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January 10 - Jack Fortenberry - using masks with acrylic or oil

Jack Fortenberry graduated from Baylor with a Bachelor of Arts Degree in Art and Education. Asked to return temporarily to teach commercial art, he stayed 18 years and established a BFA program in Commercial Design. Meanwhile he began his own commercial design business, which eventually required so much of his time that he had to leave Baylor to tend it. A man of many interests, he has served in many business and community organization, including advertising associations, BBB, Kiwanis, and the Texas Ranger Museum, which he co-founded. He also flies a plane, and has raced sports cars.

Retirement took Jack back to his roots in Mississippi, where he built a studio and began a second career in fine art. He served as president of the South Mississippi Art Association for three years and showed his work in many art festivals and museum shows in Mississippi and Alabama, before moving back to Texas. He is currently a member of the Outdoor Painter's Society, a very unique artist's organization that meets once a month somewhere in a five state area to paint as a group. He tells us that "Plein-Aire Painting is my best effort because it allows me the greatest opportunity to break away from the hard fast rules of illustrative art and flow into the wonderful world of impressionistic response."

Jack prefers oil, but also paints in acrylic when the occasion demands it. His demo will feature a quick way to to separate the background from the foreground (subject) by overpainting cut-outs which have been adhered to the canvas prior to painting. This is similar to masking or rubber cementing parts of the image in watercolors to preserve the whites. Due to the time constraints, he will work in acrylic.

Don't miss this one. We will meet Sunday, January 10, at the Waco Charter School, 615 N 25th Street. Refreshments and conversation begin at 1:30, the meeting at 2, and the demo soon thereafter. First time visitors are free, so bring friends. Also, bring an artwork or two for our Show and Tell during the break.

January 10 - Jack Fortenberry - Using Masks with Oil or Acrylic

Jack began by showing us photos of art restorations he has done. He was able to save paintings that were burned or  torn by having the surface removed and transferred to a new canvas (wax reline process). Then he filled the missing areas with a plaster of Paris and glue mixture. Finally, he had to match the colors, brushstrokes, and styles of the originals to make the painting look like new. For painting dimmed by tobacco smoke, he uses Ivory Liquid and water and a cotton swab. For varnish that has changed color, he uses a special solution and a very light touch so as not to remove the paint. He also restores broken or chipped embellishment on a frame using the same plaster mixture mentioned above to resculpt the design while the clay is wet, making sure it matches the original design. He then sprays on the gold color, and tones back unwanted brilliance using a faux art stain with brush and paper towels. His goal is to make the repairs invisible.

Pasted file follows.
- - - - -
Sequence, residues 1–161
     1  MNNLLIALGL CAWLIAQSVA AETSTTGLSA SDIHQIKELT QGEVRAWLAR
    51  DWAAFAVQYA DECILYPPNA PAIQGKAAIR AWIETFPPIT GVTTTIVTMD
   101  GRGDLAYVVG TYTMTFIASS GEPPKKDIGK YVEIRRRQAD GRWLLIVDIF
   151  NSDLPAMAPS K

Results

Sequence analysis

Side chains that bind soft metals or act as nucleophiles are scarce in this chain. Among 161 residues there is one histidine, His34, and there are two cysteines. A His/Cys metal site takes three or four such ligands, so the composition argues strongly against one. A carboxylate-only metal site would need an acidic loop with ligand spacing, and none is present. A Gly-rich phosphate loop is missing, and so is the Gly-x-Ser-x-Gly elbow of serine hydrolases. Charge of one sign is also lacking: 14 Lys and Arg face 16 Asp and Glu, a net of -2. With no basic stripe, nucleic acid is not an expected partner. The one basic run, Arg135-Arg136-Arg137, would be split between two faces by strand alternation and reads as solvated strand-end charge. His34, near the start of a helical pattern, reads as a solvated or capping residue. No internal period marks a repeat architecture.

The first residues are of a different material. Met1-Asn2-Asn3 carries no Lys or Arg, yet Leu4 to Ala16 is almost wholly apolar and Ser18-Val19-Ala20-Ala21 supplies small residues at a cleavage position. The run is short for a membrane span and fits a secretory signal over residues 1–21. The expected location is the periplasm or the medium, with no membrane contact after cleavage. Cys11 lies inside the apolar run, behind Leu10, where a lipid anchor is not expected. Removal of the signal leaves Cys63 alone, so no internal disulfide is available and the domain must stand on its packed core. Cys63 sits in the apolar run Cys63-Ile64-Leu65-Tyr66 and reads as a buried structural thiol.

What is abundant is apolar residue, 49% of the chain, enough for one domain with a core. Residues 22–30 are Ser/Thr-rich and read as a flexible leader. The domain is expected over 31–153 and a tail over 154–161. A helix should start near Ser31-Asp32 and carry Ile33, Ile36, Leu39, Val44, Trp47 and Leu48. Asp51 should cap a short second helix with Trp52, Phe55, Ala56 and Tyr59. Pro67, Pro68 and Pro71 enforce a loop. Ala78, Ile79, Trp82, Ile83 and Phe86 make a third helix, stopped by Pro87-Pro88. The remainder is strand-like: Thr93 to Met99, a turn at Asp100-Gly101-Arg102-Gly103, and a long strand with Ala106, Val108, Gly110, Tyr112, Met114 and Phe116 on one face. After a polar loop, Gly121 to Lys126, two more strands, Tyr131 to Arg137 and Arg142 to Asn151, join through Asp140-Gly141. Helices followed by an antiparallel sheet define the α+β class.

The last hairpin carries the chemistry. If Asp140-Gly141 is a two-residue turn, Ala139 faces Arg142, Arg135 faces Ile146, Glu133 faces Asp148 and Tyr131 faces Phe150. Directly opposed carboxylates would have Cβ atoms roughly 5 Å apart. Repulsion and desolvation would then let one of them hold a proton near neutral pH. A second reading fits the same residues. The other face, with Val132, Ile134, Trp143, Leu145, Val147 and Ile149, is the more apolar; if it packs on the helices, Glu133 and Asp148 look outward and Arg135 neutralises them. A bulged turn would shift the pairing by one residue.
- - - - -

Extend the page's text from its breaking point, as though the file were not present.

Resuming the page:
For today's demo, Jack painted a scene of a white egret in a swamp setting. He first made a mask by sketching the egret on heavy paper and cutting around it. The mask was then coated with rubber cement (left) and placed where it would be on the blank "canvas." (He actually used masonite board, which may be easier to seal properly than canvas.) For the background, he used cobalt blue, cerulean blue, titanium white, medium yellow, and burnt umber light, which he mixed on a glass palette. He pulled one color into another on the canvas, creating variations in color and value in the sky and water as he painted horizontally. He added black for the vertical trees to get a darker hue. The masking allowed him to get continuity of brush strokes for the background as he painted right over the mask. He paid special attention to making the water look natural, using his color mixtures to create reflections.

 

Then he carefully removed the cutout from the canvas (left), leaving a white hole for the egret. He painted the shadowed side of the bird first, adding details and highlights later, including the black legs, which were not included in the mask (right). As a final touch, he added flowers and other contrasts to liven up the scene (lower left). The final painting is shown at the lower right. We welcome Jack back as a member, and enjoyed watching a professional at work. Included in the audience were a couple of new members, some guests, and Jodi Wheatley, a reporter working on an article about us for Waco Today.

 

 Thanks go to Jack, to Charleen Isbell, Myrl Luper, Gloria Meadows, Bill and Judy Franklin, and Karen Groman, who brought refreshments, and to all of those who brought their work for Show and Tell, shown below.

                            

  Nancy Cagle         Julie Cash           Bill Franklin        Judy Franklin

 

                             

 

   Larry Garza         Linda Green         Tom Godby       Charleen Isbell

 

                                

Rose Jacobson      David Leifeste   Christine Niekamp    John Vasek

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